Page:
19 FEBRUARY 1994, Page 36


Tony Oursler; Kate Ericson and Mel Ziegler (Lisson Gallery, till 26 March)

Seeing the point

Giles Auty

It has been a consistent claim of my detractors that I fail to distinguish suffi- ciently between strands of art which claim Marcel Duchamp for their parent or which come under the broad heading of 'concep- tual'. One source of especially vociferous criticism, the Karsten Schubert Gallery, which is located more obscurely now than formerly at 41 Foley Street, Wl, has sug- gested this makes me unfitted for my job. A more 'serious' critic than I would, in their view, probably spend more than a few minutes considering the installation they

offered last week in which all the walls of their gallery were covered in hardboard coated with real chocolate. The line between a failure of imagination and the triumph of reason may always be a fine one. Possibly an experience from my child- hood, which I have mentioned before, may help explain my present attitude of empiri- cism.

As a polite and rather shy child of 10 or 11, I would not have dreamt of questioning my mother's request to accompany a woman who did housework for us on her walk back to the local village — 'Mrs Cook isn't feeling very well.' As we set off in the afternoon sunshine, Mrs Cook jabbed her finger repeatedly at the summer hedgerows. 'There goes another of them and another,' she said. I had never encoun- tered paranoia before — nor any other form of mental illness — and dutifully looked behind each tree and clump of bushes along the way to reassure her that no one was there. It was an experience I have never forgotten.

It is my contention that in art, as in everything else, to see and evaluate clearly requires a degree of pragmatism and of not getting too carried away by temporary enthusiasm. Young, post-Duchampian artists exist now who imagine they can express wonderfully complex ideas ade- quately through presentations of everyday objects. I do not argue with the quality of the artists or their ideas so much as the unsuitability of the means they adopt. An ability to conceive grand and imaginative ideas is not especially uncommon; indeed one may encounter such ability quite often among drunks whose use of language and reason may nevertheless fail them.

Under the aegis of Nicholas Logsdail, 'Vinegar Of The 48 Weeds; 1992, by Kate Ericson and Mel Ziegler the Lisson Gallery (67 Lisson Street, NW1) shows some of the more polished and pres- tigious art fashioned in the newer modes. While Mr Logsdail tells me he cannot see the point of traditional means such as painting — unless they address brand-new issues in a fresh and exciting way — one might question . low many important aspects of human life are ever genuinely • novel. I believe an artist such as Goya could have dealt in paint with issues of the moment such as Aids no less convincingly than he dealt with madness and witchcraft.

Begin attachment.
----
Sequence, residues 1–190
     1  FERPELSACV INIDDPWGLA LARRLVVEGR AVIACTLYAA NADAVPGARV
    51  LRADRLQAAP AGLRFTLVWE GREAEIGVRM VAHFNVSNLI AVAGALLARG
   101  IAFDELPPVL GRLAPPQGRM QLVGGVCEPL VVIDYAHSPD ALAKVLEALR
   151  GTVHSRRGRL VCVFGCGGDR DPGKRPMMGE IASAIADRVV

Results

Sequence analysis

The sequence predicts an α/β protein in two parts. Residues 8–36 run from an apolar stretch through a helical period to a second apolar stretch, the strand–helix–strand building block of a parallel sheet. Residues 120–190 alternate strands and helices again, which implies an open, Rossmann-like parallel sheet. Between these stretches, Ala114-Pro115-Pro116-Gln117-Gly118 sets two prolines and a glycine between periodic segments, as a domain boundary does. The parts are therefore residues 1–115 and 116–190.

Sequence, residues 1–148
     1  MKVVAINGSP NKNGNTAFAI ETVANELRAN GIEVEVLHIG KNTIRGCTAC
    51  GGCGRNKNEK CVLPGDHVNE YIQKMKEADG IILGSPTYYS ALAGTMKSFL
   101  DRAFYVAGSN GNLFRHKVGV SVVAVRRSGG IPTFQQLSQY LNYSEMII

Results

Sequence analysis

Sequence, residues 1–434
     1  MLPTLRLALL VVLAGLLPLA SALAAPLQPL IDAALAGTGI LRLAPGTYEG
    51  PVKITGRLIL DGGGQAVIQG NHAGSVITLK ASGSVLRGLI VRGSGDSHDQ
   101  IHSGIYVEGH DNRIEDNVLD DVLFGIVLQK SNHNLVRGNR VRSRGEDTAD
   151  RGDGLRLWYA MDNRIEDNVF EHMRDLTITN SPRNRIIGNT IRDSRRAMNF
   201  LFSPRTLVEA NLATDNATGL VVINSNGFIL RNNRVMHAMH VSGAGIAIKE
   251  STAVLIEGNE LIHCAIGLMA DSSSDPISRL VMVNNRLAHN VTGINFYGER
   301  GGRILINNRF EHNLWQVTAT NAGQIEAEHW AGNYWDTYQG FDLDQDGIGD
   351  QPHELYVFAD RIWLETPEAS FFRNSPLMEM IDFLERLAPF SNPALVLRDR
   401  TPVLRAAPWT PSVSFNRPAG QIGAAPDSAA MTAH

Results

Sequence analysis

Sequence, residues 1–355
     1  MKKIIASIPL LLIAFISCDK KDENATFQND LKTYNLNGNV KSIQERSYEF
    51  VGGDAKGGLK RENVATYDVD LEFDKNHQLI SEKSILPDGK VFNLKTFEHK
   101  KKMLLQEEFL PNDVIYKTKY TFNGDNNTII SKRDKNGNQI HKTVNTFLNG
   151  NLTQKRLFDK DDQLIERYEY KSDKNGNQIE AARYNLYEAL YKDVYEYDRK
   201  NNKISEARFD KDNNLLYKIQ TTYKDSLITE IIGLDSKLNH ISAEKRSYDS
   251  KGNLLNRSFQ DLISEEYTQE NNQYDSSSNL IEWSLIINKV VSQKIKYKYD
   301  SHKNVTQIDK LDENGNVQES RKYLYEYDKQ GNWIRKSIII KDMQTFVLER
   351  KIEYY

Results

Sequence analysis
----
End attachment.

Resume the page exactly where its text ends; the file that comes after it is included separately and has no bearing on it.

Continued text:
While major painting has one kind of appeal, a lot of conceptual art seems to me more likely to excite the kind of minds which enjoy difficult crosswords. Kate Eric- son and Mel Ziegler are basically a brace of commentators on socio-political issues whose productions essay an elliptical ele- gance. 'Dark on That Whiteness', 1987, is typical of their genre. The catalogue entry explains: 'Jars filled with latex paint which have been colour-matched, according to the colour chart of an American paint manufacturer, to the exterior walls of the federal buildings and national monuments of Washington DC. The jars are mapped out according to the site locations sur- rounding the Washington Mall. Sandblast- ed onto each jar is the commercial name given to the colour.' Here significance is assumed rather than demonstrated. Thus colours selected for monuments at Wash- ington DC may sound more interesting than those picked for bus depots in south Wiltshire, but are they so in reality?

Like much in Mr Logsdail's gallery, the works of Ericson and Ziegler are presented quite beautifully. Sixteen seed bags from seven farms are sandwiched neatly between spotless sheets of acrylic. Each panel bears the name of the farm and the number of acres planted. If the work is sold, the farmer receives the cost • of the original seed. Neat idea, huh? The problem remains for me.that agricultural seed bags, even when neatly folded and linked through captions to farms, acreages and such tend to remain culturally inert and lacking in any kind of resonance.

Meanwhile u third American, Tony Oursler sets out to describe through his installations and watercolours what he sees as the final fate of media-based, consumer society: the inability to distinguish between the real and imagined. Unlike the some- what smug artefacts of the other duo, Oursler's video sculptures display nervous energy and visual imagination aplentY. Human faces which move are projected onto the blank features of dummies. With a sound-track thrown in, the effect is odd and even disturbing: Spielberg meets Kafka perhaps. One monologue delivered by a dummy involves a lengthy questionnaire used in an American state 50 years ago which purported to establish the sanity 9r otherwise of interviewees. Perhaps it is time we devised a similar test for the art world?